EMB’s Citizen Science working groupAdvancing Citizen Science for Seas and Ocean Research’, held its second meeting on 2-3 June at the National University of Ireland, Galway. The purpose of the working group is to highlight the potential of citizen science to make significant contributions to marine sciences and to increase ocean literacy as well as to provide new ideas and directions for further development of marine citizen science into the future. During the meeting, Angel Duarte, Technical Coordinator of Coastwatch International, presented on the technical management of the Coastwatch programme, citizen engagement and a selection of results to date. The working group also became citizen scientists by carrying out a selection of marine citizen science activities. In addition, the group learnt about the importance of local marine knowledge through talking to traditional seaweed harvesters from the west coast of Ireland and heard about  marine outreach activities at the National Aquarium of Ireland.

Sea Change holds its 1 year General Assembly (11-13 May, Athens)

Tuesday, 17 May 2016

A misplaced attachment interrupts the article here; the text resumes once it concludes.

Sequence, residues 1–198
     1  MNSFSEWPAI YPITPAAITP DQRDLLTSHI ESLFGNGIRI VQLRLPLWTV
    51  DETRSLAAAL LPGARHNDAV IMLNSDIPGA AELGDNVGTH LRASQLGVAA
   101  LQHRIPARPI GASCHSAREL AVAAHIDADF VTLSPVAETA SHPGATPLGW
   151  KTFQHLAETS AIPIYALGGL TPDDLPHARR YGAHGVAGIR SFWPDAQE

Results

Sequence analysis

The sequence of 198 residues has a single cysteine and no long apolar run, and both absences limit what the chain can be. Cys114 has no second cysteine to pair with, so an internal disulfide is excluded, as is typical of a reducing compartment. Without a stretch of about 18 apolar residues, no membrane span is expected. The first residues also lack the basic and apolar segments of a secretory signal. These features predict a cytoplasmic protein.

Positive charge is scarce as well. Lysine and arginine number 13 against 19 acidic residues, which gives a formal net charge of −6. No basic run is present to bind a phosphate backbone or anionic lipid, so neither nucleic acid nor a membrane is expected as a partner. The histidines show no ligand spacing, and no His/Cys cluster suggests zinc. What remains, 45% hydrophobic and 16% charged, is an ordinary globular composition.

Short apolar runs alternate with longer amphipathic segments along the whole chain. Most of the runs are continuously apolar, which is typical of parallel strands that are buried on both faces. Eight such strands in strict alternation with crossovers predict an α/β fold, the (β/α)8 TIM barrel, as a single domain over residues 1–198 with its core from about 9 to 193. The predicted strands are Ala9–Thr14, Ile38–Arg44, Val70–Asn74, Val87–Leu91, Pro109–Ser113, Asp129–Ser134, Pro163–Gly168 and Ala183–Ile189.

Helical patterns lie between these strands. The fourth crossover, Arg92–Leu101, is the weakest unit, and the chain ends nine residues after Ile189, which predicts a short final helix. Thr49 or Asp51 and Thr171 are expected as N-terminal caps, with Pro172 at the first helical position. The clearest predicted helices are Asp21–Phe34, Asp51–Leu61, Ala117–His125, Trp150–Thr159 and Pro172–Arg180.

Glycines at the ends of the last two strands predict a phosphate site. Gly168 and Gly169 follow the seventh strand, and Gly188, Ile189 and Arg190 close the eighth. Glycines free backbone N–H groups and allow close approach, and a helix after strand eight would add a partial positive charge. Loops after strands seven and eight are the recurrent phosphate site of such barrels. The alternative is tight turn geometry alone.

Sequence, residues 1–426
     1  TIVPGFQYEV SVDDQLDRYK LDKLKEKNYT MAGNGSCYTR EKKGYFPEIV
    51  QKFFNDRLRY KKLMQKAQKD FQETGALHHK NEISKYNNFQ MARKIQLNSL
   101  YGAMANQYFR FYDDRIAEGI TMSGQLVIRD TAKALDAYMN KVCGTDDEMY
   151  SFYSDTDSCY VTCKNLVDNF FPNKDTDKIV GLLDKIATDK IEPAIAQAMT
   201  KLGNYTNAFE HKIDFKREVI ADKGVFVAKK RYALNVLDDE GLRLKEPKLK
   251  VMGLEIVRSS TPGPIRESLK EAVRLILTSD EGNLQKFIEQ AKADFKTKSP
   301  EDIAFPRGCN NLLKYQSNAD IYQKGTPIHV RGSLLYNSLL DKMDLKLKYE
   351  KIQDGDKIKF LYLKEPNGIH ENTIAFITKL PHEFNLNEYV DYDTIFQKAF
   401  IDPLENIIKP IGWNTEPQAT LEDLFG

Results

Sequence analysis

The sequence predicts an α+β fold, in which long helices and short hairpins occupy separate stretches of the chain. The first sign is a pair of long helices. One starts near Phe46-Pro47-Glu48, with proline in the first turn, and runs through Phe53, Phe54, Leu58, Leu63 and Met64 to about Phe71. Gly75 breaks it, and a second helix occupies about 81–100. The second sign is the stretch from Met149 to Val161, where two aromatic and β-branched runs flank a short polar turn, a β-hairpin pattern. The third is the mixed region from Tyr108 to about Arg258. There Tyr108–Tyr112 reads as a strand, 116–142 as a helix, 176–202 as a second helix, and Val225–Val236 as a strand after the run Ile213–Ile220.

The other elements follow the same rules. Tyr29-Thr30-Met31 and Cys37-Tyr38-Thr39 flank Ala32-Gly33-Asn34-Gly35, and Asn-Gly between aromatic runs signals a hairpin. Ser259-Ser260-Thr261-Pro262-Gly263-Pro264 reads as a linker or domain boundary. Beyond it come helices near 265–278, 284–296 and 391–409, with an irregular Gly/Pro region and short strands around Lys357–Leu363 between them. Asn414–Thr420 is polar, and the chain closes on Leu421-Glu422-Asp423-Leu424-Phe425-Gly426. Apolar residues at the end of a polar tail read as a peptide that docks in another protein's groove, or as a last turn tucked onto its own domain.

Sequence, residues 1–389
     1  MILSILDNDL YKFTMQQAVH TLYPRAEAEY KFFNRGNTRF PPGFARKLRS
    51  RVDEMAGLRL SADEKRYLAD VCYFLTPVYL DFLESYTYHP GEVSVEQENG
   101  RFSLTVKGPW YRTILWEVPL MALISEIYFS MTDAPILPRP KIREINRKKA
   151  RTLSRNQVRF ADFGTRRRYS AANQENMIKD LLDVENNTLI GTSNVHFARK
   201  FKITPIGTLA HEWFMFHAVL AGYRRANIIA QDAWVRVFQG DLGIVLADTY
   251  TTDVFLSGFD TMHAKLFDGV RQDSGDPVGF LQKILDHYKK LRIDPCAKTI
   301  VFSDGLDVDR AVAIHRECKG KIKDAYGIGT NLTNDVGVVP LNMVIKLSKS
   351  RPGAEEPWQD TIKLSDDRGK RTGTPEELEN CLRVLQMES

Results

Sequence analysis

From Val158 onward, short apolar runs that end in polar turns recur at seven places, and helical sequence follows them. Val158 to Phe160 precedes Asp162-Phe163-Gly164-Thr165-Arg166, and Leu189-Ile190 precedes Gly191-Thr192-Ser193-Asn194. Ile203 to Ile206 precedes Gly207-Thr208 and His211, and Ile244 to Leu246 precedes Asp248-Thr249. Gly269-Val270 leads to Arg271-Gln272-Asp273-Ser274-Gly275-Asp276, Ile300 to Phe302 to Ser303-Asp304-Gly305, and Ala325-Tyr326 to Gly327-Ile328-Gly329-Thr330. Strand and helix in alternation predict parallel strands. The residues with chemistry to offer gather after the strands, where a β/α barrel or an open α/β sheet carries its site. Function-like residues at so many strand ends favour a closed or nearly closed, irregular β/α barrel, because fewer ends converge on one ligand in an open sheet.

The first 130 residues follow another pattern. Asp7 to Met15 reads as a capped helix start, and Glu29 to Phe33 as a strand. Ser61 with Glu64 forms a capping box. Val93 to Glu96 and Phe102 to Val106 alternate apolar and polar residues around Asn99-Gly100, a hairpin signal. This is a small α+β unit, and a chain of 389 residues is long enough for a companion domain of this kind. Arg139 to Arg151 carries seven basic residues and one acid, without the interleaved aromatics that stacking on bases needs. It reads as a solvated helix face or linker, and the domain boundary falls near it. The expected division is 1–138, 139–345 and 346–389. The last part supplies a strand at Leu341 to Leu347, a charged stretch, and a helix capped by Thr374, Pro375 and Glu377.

After one year of activity, the Sea Change project held its first General Assembly meeting in Athens in May. The overarching goal of this project is to bring about a fundamental “Sea Change” in the way European citizens view their relationship with the sea, by empowering them – as ‘Ocean Literate’ citizens - to take direct and sustainable action towards healthy seas and ocean, healthy communities and ultimately - a healthy planet. In its first year of operation, the Sea Change partners have been busy with a number of Ocean Literacy activities and deliverables, including a series of reviews examining different facets of Ocean Literacy, such as public perception of marine environmental issues, how Ocean Literacy is currently embedded in education and in marine policy, and ways in which the public engage with Ocean Literacy. Other activities include educational workshops to assess existing barriers to incorporating Ocean Literacy topics in formal education and competitions to design Ocean Literacy-themed games as well as ideas on how to increase people’s awareness and appreciation of the ocean. Further information on Sea Change results to date and ongoing activities can be found on the Sea Change website. Picture features Sea Change project partners and members of the International Advisory Group.